So far, so good. The next sec­tion of the hedge had the same ev­i­dence of rab­bits, and haz­ards, but there was a lot of new bur­row­ing ac­tiv­ity in some of the pre­vi­ously un­oc­cu­pied mounds. Th­ese new dis­cov­er­ies of­fered shoot­ing op­por­tu­ni­ties to­ward the west, into the pre­vail­ing west wind, mean­ing less windage, thus aid­ing accuracy, and less scent car­ry­ing to­ward my quarry – ex­cel­lent.

The south­ern and west­ern edges of my per­mis­sion showed much less promise, as I’d ex­pected, to be hon­est. It’s so very open and ex­posed, of­fer­ing very lit­tle cover from preda­tors. I spent time in this sec­tion watch­ing a buz­zard, and then a kestrel search­ing for prey ... no won­der quarry doesn’t wan­der this far from safety!

My next sur­prise was the con­crete rub­ble at the north- west cor­ner of the per­mis­sion. In the past, this had been an easy lo­ca­tion at which to wait and am­bush rab­bits. There is a war­ren un­der the rub­ble, and rab­bit safety was al­ways only feet away. Clearly, they con­sid­ered it to be safe and would emerge to en­joy the last of the sun­light, around dusk. This time, I found no re­cent signs of rab­bit ac­tiv­ity around the war­ren. What had hap­pened? Myxi? Vi­ral Hae­mor­agic Disease? Poach­ers with dogs, fer­rets and nets hoover­ing them up? I didn’t know, but plan­ning to shoot there was go­ing to be a waste of time. The clear­ing next to my fi­nal stretch of fence, into the wood, still showed signs of rab­bit ac­tiv­ity, though, so that re­mains a vi­able lo­ca­tion for a dusk ses­sion.


Then it was on to my squir­rel feed­ers – from the west, not the usual up­wind ap­proach. Un­sur­pris­ingly, noth­ing down­wind made an ap­pear­ance, but I could see the usual rab­bit runs from the neigh­bour­ing prop­erty so it was busi­ness as usual here. An­other sur­prise was how ex­posed I felt with­out the cover of the now leaf­less canopy. I sus­pect that fewer rab­bits would emerge into the wood be­fore full dark­ness, but on the other side of the scales, my feed­ers should be more ob­vi­ous to the greys as they be­came hun­grier.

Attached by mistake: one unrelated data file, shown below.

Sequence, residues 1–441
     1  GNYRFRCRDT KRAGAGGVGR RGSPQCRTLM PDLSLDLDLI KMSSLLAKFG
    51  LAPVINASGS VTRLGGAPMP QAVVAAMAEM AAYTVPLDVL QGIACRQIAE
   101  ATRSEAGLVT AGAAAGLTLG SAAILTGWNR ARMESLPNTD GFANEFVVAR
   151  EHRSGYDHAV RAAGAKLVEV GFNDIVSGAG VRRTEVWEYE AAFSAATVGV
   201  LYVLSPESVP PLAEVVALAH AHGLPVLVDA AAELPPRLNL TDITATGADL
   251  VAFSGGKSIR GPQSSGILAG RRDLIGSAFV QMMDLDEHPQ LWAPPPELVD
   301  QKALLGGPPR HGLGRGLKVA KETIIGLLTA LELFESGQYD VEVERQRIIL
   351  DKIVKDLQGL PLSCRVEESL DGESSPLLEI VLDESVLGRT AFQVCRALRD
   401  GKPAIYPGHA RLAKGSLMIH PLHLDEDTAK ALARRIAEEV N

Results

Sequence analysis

Now all that re­mained was for me to check and re­fresh the feed­ers. There had been no feed­ing from in­side by lift­ing the lid, so nat­u­ral food was still too plen­ti­ful for them to work for their din­ners! Nev­er­the­less, I re­plen­ished the feed­ers and headed home. ■

The benefits I got from this recce, apart from a grad­u­ally im­prov­ing back, were a com­pletely fresh appreciation of the area and at least two en­tirely new lo­ca­tions and meth­ods to try on a per­mis­sion about which I thought I knew ev­ery­thing!

Whilst I wouldn’t rec­om­mend the back in­jury that led to my recce, I would def­i­nitely rec­om­mend tak­ing such a walk around your per­mis­sion – you too might be sur­prised by what you dis­cover!

This is def­i­nitely a rab­bit run

ABOVE RIGHT: It’s en­cour­ag­ing to see new bur­rows

BELOW: This col­lapsed drain could cause some se­ri­ous dam­age to Peter’s bad back if he trod in it

ABOVE LEFT: You cer­tainly wouldn’t want to trip over this in the dark

Newspapers in English

Newspapers from UK

© PressReader. All rights reserved.